How do food influencers affect our taste?

You may not come across a collection of colorful and gourmet food posts while browsing social media; But do these posts really influence your food choices? Each of us is free to choose our food if we are lucky enough.

When you open the fridge or search the shelves of your local supermarket, you come across a variety of foods; But do we think we are free to choose our diet? Apart from hunger, what other factors influence our choices?

Browsing social networks such as Instagram or Twitter or Facebook, you will come across a huge collection of high quality images of delicious food. Although the taste and smell of food have an undeniable effect on our taste, do not the numerous posts of delicious food and snacks affect our choice?

The answer to this question is definitely yes. It is clear that when it comes to food, we are strongly influenced by others, especially those around us. Research shows that the closer a person’s relationship is to each other, the more they dominate each other’s food choices.

“Assistant Professor of Epidemiology and Global Health at Emory University of Atlanta,” said Solvig Arjansano.

Many references to face-to-face interactions are directly related to our identity. This relationship is more about how we compare ourselves to other people. If I think my partner is more attractive or popular, I’m more inclined to be popular and attractive.

Overall, social cues encourage us to eat more; However, if you are with healthy people, you may also be encouraged to eat healthy. In fact, our eating habits are influenced by what we see.

Fatty and sweet foods

Sharing pictures of fatty and sweet foods on social media has led many people to turn to unhealthy food options.

“Susan Higgs, a professor of biopsychology at the University of Birmingham in the United Kingdom, says:

Evidence shows that when you see pictures of food, visual arousal forces you to crave that food.

Although Higgs believes that people’s desire for a particular food also depends on a number of criteria, such as the type of food available, social media is the only place where social and visual cues interact.

Evidence suggests that if your friends regularly post on social media about certain types of food, you may want to imitate them. Research shows that social networks change the way we relate to food and give us a different perspective on what we eat.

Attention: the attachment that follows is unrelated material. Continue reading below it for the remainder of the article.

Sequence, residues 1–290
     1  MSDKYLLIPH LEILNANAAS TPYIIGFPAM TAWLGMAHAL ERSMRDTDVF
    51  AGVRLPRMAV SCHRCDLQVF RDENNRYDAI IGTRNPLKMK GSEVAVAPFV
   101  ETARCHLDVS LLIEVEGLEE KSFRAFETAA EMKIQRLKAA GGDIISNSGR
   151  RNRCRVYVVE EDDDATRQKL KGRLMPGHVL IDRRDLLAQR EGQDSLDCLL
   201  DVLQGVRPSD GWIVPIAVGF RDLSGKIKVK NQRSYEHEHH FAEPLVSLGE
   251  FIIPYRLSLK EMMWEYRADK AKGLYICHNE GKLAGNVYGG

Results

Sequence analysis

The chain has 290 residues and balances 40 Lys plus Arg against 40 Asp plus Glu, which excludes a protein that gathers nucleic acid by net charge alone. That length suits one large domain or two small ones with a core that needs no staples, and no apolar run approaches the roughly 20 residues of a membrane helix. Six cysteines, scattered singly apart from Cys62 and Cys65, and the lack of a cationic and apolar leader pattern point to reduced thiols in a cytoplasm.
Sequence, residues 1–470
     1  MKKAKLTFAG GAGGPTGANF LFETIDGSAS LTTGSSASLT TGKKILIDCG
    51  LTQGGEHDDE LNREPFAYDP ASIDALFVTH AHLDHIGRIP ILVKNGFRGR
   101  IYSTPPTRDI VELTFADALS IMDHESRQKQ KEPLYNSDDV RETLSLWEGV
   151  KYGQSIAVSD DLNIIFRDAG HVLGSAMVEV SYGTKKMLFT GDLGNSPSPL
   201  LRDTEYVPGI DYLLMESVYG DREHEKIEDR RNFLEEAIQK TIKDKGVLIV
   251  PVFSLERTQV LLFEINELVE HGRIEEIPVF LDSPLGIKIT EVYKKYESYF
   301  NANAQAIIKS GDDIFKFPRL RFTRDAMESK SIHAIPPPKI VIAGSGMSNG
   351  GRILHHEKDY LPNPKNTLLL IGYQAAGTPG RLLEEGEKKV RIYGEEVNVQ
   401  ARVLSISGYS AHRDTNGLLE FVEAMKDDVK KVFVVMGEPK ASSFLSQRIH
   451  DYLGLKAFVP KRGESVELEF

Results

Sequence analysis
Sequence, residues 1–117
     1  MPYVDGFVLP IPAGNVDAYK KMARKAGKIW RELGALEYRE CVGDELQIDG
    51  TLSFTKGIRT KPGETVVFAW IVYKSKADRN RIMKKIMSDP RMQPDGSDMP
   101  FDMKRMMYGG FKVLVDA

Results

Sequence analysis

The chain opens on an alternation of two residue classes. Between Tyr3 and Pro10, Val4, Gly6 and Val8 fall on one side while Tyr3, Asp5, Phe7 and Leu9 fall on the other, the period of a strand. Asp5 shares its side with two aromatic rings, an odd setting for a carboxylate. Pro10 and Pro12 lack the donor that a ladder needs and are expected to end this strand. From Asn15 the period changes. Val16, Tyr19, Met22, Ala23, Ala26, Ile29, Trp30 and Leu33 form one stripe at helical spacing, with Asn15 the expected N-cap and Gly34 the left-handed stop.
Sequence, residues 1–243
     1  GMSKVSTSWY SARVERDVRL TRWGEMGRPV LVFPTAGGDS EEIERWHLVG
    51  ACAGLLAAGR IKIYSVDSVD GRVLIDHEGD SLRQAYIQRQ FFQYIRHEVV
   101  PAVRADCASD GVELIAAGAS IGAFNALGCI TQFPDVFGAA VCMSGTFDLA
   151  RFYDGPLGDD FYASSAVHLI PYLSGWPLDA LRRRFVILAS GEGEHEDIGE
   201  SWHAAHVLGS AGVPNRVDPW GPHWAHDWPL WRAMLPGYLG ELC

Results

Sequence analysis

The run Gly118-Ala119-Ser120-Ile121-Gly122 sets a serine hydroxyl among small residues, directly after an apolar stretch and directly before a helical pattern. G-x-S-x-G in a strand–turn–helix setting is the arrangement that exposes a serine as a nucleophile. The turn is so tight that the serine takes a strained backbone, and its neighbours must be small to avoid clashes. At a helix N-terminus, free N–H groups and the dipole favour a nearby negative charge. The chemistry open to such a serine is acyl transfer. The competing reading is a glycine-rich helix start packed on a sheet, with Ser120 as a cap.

Higgs adds:

If your friends share posts on social media while eating fast food, there is a norm that makes eating fast food normal.

Research shows that interactions with fast food images are more likely, according to Ethan Panser, professor of marketing at the University of Senmari in Halifax, Nova Scotia, Canada. This is especially true for saturated fats; Because these foods make us feel good because of the release of dopamine and stimulation of pleasure centers in the brain. Humans are inherently in search of high-calorie foods, and this trait has helped our ancestors survive.

Higgs says:

Evolutionary psychology shows that people feel happy when they see these foods; As a result, they become more involved with it.

Tina Tsitor, Assistant Professor of Marketing at the IESEG School of Management in Lille, France, says:

Healthy foods often look dull; While processed foods are more attractive. In advertising, we see healthy foods in social contexts. For example, people gather with their friends to eat these foods; While healthy food advertising places more emphasis on nutritional value. Seeing friends eating salads together does not seem appealing.

Scientists are very concerned that the food content of social networks will change people’s attitudes towards food. Social networking algorithms enhance the content that is most appealing to users; As a result, seeing unhealthy foods means spending more time on social media feeds.

Panser says:

There is more involvement with unhealthy food content; As a result, content creators are gradually turning their content to unhealthy foods to stay competitive. The more people are exposed to unhealthy foods, the more they move their normal habits towards unhealthy habits.

It is estimated that children and adolescents see food marketing on social media 30 to 189 times a week. Fast food and sugary drinks are common examples; But food advertising alone is not to blame.

Sharing food on social networks

Sharing food content on social media these days has become a phenomenon that has more to do with people’s lives

“Patricia Kavazos, a professor of psychiatry at the University of Washington School of Medicine, says:

Advertising is for product promotion, and influencers play a similar role. The content of social networks is very influential in terms of influencing emotions and social norms and norms about behaviorism.